GREECE: New Writer Interview – Ann Marie Wraight

GREECE: New Writer Interview – Ann Marie Wraight

annmarieWhere in the world do you live? And, are you from there?

Well, this may be the most difficult question to answer!

I’ve lived for the last twenty years in the northwestern mainland area of beautiful Greece. By birth I’m British as were my parents and grandparents, although I’ve had dual nationality – British/Greek – for about a decade. I was born in England but my family relocated to Australia when I was about 3 years old and so I started my primary education in Sydney. Due to family problems, we left Sydney when I was about 8 and returned to the UK where I was based until I finished my A levels. I decided to go to Berlin, Germany to do my gap year before starting my degree course. I was so intrigued by the culture, language and endless opportunities in Berlin that I extended my “gap year” to THREE gap years before finally starting my degree course in the UK! Once I’d gained my BA (Hons) qualification I immediately came to Greece on a teaching contract and have lived here ever since!
So, to cut a long story short, let’s say I’m a Brit by birth, Aussie by nature with a sprinkling of Greek/German regarding my greedy appetite for tasty food and chilled beer!!!

What language(s) do you speak?

My native language is of course English and I have a high level of modern Greek and German. Until I was in my 20’s my French was passable but I honestly think that Brits shouldn’t try to speak this flowing and poetic tongue unless they REALLY make an effort to get the accent RIGHT! I haven’t been to France since my 20’s so, alas, I’ve probably forgotten most of what I knew.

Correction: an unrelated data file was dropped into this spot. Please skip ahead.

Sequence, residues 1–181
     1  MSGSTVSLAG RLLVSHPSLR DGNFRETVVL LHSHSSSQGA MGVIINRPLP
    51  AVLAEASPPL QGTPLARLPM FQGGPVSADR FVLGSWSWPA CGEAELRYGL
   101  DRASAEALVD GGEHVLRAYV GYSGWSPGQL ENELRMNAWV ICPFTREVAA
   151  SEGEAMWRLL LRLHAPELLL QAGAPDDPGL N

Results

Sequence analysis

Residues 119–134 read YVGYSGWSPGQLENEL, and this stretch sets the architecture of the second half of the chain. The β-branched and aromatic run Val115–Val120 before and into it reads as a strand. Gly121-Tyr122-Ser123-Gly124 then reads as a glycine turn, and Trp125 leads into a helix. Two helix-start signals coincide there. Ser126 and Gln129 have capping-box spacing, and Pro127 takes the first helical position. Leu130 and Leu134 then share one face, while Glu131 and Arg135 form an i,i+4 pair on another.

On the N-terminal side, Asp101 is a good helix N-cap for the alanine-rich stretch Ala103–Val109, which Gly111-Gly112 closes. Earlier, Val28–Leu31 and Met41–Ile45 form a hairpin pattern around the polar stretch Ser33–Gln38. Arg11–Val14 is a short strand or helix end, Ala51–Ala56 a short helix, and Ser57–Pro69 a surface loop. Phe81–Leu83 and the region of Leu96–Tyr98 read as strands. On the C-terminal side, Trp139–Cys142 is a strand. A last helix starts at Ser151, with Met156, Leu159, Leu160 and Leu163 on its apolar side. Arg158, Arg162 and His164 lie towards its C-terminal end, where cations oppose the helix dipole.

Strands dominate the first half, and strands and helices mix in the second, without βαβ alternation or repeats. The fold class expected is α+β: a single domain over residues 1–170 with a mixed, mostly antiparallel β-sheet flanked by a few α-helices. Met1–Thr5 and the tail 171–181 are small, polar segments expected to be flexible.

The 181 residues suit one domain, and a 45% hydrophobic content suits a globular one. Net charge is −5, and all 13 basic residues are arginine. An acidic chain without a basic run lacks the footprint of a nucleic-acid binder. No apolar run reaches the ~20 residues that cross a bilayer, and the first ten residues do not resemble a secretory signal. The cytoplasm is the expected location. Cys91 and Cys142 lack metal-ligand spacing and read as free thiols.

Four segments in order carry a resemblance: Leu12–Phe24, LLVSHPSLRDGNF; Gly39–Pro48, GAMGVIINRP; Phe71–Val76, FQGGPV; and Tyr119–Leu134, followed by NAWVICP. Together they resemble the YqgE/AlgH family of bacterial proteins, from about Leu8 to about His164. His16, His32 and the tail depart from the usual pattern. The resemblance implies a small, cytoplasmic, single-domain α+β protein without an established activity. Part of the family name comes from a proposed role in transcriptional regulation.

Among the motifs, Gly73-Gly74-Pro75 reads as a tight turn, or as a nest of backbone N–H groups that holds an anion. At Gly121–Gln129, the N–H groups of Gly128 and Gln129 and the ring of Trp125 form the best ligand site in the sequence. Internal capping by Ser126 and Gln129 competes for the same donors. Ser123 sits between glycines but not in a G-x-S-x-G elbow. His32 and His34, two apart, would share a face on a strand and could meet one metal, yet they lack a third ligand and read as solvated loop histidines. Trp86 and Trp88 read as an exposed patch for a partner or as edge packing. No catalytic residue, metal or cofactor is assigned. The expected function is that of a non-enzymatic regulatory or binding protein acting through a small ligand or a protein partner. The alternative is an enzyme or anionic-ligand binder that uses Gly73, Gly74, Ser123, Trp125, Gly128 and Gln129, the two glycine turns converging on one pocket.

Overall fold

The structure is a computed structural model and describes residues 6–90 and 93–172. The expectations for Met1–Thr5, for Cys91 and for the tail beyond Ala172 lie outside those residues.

When did you first become a mother?

I first became a mother in my early 30’s which is relatively late for Greek standards although fairly normal for British women.

Are you a stay-at-home mom or do you work?

The idea of not working on a permanent basis absolutely TERRIFIES me! I’ve worked on both a volunteer and professional basis since I was 15 and if I have periods of a month or more when I stay at home it ends up in a bout of depression. Always. Short holidays are pleasant but not for extended periods of time. That’s why I continued teaching right up to the birth of both my boys and continued to work from home (doing private tuition) while I breastfed them. I love teaching and being with teens gives me both pleasure and lots of positive energy. I’m addicted to it and believe that staying home and being a full time mother is MUCH harder and challenging than working outside the home!

Why do you write?

I learnt to read and write before I went to school as I was one of those tiring kids who could never sit still. Books and words fascinated me and when I was 5 I made a small folder with VERY short stories and plays! No piece was more than 50 or 60 words but I thought I was a Genius! I used to force my brother and friends to act out the scenes and dialogues I wrote, fantasising about how much smarter than them I was!!! What an obnoxious and bossy child I was!

The death of my mother from cancer when I was six and a half certainly knocked me down to earth and cured me of my bossiness, though. I hardly spoke at school and almost never at home for about 2 years after that so writing became my main form of communication with the outside world. Books and words got me through those terrible years. Writing was my escape from cruel reality.